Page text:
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Brackets vs. Parentheses (Grammar Rules, Differences, Examples)

You must have come across these two words: “brackets” and “parentheses.” Though very common, the difference between them can be challenging to understand. It’s not always clear where and under what circumstances we must use these two words.

To have flawless English writing skills, we must understand the meaning and use of these words. Let us look at the various aspects related to brackets and parentheses.

BracketA bracket is either of two tall fore- or back-facing punctuation marks commonly used to isolate a segment of text or data from its surroundings.
ParenthesisIn rhetoric, a parenthesis or parenthetical phrase is an explanatory or qualifying word, clause, or sentence inserted into a passage. The parenthesis could be left out and still form grammatically correct text. Parenthetical expressions are usually delimited by round or square brackets, dashes, or commas.

What are brackets and parentheses?

Both brackets and parentheses are punctuation marks. They come under the brackets category and are used to insert comments or additional information within sentences. However, they have substantially different purposes.

It is necessary to have both an opening and a closing bracket – brackets and parentheses are always used in pairs. They may enclose a single word, a phrase, or an entire sentence.

Brackets vs. parentheses


Brackets or square brackets ([]) add remarks to passages you are quoting from others. They are also used to add information to a passage already in parenthesis.


  1. Frank said, “He [Michael] wants to visit Paris.”
  2. We had a great time [in the summer camp].
  3. I need to move all my belongings (including furniture, showpieces, dresses [formal], and books) to my new apartment.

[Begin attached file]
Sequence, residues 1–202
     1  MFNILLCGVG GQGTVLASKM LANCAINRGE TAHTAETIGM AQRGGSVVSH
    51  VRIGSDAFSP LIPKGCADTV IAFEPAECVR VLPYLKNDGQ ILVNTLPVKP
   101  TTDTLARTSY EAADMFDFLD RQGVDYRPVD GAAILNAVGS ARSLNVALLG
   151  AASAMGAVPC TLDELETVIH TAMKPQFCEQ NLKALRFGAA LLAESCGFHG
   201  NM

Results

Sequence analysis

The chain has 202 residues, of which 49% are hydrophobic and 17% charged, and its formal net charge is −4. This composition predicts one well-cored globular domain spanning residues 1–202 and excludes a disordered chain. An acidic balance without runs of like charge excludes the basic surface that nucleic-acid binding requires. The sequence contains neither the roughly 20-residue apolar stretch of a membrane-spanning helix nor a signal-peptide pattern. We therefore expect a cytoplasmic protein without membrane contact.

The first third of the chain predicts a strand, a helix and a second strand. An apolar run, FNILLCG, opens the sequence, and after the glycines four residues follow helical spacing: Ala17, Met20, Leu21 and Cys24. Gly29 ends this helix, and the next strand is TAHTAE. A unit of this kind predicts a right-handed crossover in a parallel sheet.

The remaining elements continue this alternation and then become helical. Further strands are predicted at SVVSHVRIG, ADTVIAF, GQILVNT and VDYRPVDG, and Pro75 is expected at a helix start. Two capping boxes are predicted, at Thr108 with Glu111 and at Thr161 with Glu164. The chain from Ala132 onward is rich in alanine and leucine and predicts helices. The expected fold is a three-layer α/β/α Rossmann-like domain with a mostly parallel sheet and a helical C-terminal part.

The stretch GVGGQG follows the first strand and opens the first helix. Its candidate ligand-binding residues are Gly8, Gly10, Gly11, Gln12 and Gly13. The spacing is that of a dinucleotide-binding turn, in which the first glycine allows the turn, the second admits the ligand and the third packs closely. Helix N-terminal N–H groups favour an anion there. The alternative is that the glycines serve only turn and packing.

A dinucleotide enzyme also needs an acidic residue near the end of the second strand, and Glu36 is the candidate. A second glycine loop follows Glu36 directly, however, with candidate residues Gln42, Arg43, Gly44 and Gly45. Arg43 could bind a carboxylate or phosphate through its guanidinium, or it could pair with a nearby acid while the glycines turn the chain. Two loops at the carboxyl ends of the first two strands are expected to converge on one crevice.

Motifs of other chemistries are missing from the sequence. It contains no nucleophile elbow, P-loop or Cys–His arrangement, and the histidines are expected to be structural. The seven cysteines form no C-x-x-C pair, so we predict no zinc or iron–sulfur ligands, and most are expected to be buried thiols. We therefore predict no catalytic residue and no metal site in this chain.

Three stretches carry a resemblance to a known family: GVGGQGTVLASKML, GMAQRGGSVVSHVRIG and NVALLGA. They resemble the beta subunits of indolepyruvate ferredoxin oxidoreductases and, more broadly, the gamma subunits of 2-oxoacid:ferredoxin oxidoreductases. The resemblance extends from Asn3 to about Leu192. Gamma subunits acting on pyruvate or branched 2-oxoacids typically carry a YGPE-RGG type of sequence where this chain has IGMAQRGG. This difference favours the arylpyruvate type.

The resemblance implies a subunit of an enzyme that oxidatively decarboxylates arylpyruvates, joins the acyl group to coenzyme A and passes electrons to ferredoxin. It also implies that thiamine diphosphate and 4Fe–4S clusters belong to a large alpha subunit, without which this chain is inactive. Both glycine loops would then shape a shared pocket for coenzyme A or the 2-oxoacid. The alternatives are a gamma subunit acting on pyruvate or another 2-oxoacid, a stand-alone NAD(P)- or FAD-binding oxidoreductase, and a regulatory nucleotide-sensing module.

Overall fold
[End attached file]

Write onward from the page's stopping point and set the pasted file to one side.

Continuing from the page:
In the first and second sentences, we used square brackets to add our remarks to the sentences. We provided extra information within parentheses using square brackets in the third sentence.


Parentheses or round brackets (()) are very common compared to other brackets. We use parentheses to provide additional information without altering the original sense of the phrase.


  1. You need to have a balanced diet daily (protein, carbs, vitamins, et cetera) to live a healthy life.
  2. The old coffee shop (on the 4th street) is comparatively better than the new ones.
  3. George R. R. Martin (the author of A Song of Ice and Fire) claimed Daemon Targaryen to be the most greyest characters in the history of Westeros.

In all three sentences above, we used parentheses to provide additional information without entirely changing the meaning of the sentences.

Tips to use () and []

Use Parentheses to add second thought

  1. He ate a wholesome (not that healthy) burger.
  2. Our society judges people on the basis of their clothing (which is very disgraceful, by the way).

Use Parentheses to represent time zones/area codes

  1. The meeting is scheduled at 7:00 PM (GMT).
  2. I belong to Sacramento, California (98532).

Use Parentheses to add items in a list

  1. You need to buy (a) curd, (b) butter, (c) bread, and (d) vegetables.

Use Brackets to indicate your own remarks

  1. The Mayor [Mr. Johnson] announced an emergency.
  2. Robin [Shawn’s ex-wife] pressed charges against him.

Use Brackets to quote sources

  1. Justice is the first virtue of social institutions, as truth is of systems of thought. [A theory of Justice, 1971].
  2. For once on the face of the Earth, let’s not speak in any language, stop for one second, and not move our arms so much. [Keeping Quiet, Pablo Neruda]

Wrapping it up

Parentheses () should never be confused with brackets []. Learning to punctuate correctly makes writing more comfortable. Always remember:

  1. Words under parentheses add supplement information to the central passage.
  2. Words under brackets quote comments or provide extra information within parentheses.

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About the author

Dalia Y.: Dalia is an English Major and linguistics expert with an additional degree in Psychology. Dalia has featured articles on Forbes, Inc, Fast Company, Grammarly, and many more. She covers English, ESL, and all things grammar on GrammarBrain.

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